Bold And Buttery Chardonnays Deserve A Second Chance

October 12, 2015

The wine may be too much alone. But add some bold flavors, like cheese and caramel, and suddenly you've got a perfect pairing.

By 
Adam Centamore
Over Oaky Chardonnay? | WGBH | Craving BostonBold And Buttery Chardonnays Deserve A Second Chance

With pairings, I like to keep things seasonal and classic. One of my favorites is a ripe Camembert, apples slathered in caramel and a nicely-oaked chardonnay. I know oaked chardonnay doesn’t always make people jump up and cheer, but I need you to trust me on this. The wine might seem a bit too much by itself, but once you add in the big flavors of the cheese and caramel, those broad shoulders come in handy. I love to smush some cheese, apple slices and caramel between slices of fresh baguette and make a sandwich of it. The tones and textures are a perfect match.

Bold And Buttery Chardonnays Deserve A Second Chance

For this pairing, simply slice up some fresh apples and drizzle on some caramel (I’m partial to Fat Toad Farm’s goat milk caramel—exquisite). Serve them alongside the Camembert and some fresh, crusty bread.

Camembert is readily available at most cheese shops, and also the cheese departments of specialty grocers like Whole Foods, Wegmans and Hannaford. If you’re up for an oaked chardonnay, use a sweeter apple variety like Pink Lady or Fuji. The fruit’s sugars will plump up the pairing. If you’re more of an unoaked chardonnay fan, try a variety with a little more zing like Honeycrisp or Granny Smith. The sharper tang of the apple matches the wine’s leaner body. The caramel’s rich body and velvety sweetness will tie everything up together in a sweet, tasty bow.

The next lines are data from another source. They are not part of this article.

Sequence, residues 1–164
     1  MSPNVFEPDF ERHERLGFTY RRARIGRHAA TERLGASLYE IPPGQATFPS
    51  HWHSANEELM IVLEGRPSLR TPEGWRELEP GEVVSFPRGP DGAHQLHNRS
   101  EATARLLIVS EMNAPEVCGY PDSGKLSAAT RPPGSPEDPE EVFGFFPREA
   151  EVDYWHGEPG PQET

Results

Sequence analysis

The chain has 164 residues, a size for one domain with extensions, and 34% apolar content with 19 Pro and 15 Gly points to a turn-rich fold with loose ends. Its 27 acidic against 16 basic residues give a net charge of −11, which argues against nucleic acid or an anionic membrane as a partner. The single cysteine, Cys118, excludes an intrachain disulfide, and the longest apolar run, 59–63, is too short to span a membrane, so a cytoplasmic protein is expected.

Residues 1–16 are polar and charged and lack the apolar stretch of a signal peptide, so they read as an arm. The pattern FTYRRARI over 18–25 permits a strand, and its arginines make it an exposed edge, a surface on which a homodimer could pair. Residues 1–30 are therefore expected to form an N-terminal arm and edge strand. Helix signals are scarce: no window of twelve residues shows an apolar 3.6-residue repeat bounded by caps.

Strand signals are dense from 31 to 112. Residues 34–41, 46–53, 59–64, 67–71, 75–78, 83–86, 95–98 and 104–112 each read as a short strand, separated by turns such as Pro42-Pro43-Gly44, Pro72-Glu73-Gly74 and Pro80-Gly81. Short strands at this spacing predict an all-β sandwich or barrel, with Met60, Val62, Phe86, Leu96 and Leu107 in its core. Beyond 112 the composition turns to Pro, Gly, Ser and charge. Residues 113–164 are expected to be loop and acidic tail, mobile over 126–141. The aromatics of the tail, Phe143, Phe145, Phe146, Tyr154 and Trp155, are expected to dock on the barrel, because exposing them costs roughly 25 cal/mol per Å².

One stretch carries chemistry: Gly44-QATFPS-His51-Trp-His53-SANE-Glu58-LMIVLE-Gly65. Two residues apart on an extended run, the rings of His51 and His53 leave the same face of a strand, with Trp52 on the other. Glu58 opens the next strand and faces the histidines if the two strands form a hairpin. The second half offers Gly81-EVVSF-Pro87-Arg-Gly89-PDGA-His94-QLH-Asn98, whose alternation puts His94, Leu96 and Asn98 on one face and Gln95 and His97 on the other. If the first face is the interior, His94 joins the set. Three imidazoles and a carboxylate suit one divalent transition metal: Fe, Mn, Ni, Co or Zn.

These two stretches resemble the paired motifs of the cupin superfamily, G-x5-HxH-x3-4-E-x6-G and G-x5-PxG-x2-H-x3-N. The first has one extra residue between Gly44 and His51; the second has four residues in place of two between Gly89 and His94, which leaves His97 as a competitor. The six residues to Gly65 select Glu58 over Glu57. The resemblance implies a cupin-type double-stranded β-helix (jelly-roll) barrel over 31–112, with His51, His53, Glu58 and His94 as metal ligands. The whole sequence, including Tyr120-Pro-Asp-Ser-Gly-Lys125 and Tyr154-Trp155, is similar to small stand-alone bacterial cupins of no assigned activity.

Bold And Buttery Chardonnays Deserve A Second Chance

Camembert is a soft-ripening cow milk cheese made in Normandy, France. Legend has it that an 18th century farmhand name Marie Harel learned the recipe from a Parisian priest who shared secrets of the famous cheese from his home village of Brie. Ms. Harel tweaked the recipe for her environment, and named it after her village, Camembert. Originally enjoyed mostly by locals, it was the invention of the wooden “hat box” in 1890 that changed everything. Using the box meant the cheese could travel longer distances—including to America. Once we got our hands on it, sales exploded. Camembert’s international fame was sealed during World War I, when the French famously issued the cheese to their troops.

Bold And Buttery Chardonnays Deserve A Second Chance

In France, authentic Camembert de Normandie must be made with raw milk. In the States, the Food and Drug Administration (FDA) requires all raw-milk cheeses to be aged for at least 60 days before selling. For a small cheese like Camembert, that’s a problem because the whole point of the cheese is to enjoy the supple, milky interior. Too much aging will dry out the cheese, making it a sad little hockey puck. Making a pasteurized milk version allows younger cheeses to be shipped. It’s as good a compromise as we’ll see on this side of the pond. Along with Camembert, Normandy is also renowned for their apples. It’s no surprise they offer every conceivable product apples can be turned into—ciders, butters, Calvados (apple brandy) and myriad other delectable forms. When it comes to cheese and fruit, this is a prime example of the philosophy of ‘what grows together, goes together.’

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  • October 12, 2015